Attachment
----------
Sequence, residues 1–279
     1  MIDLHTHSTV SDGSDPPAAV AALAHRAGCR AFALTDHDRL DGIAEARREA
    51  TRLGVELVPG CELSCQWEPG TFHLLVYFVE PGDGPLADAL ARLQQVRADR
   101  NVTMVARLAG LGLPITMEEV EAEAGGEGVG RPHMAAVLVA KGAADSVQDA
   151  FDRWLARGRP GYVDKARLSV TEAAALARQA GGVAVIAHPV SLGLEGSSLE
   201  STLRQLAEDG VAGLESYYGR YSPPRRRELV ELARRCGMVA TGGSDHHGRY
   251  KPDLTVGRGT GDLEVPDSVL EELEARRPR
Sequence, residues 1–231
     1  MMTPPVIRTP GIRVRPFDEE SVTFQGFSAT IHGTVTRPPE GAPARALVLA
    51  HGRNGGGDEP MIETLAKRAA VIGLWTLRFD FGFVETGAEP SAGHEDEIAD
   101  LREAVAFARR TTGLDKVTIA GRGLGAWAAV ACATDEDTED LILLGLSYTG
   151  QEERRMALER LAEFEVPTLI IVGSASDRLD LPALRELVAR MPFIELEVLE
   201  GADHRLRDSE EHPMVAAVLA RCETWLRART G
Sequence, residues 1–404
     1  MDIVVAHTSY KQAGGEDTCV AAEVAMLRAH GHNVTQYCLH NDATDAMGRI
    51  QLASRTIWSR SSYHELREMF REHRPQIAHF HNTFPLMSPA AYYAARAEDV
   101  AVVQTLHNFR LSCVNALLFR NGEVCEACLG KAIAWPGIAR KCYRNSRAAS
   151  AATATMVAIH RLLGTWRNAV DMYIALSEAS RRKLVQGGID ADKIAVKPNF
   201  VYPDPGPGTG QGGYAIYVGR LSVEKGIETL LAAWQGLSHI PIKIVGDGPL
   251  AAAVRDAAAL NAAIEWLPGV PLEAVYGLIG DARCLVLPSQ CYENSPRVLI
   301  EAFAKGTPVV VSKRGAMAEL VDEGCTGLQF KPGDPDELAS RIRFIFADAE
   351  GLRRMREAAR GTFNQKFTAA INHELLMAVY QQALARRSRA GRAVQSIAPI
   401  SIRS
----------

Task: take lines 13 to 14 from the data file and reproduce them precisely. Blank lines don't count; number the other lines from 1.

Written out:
   201  GADHRLRDSE EHPMVAAVLA RCETWLRART G
Sequence, residues 1–404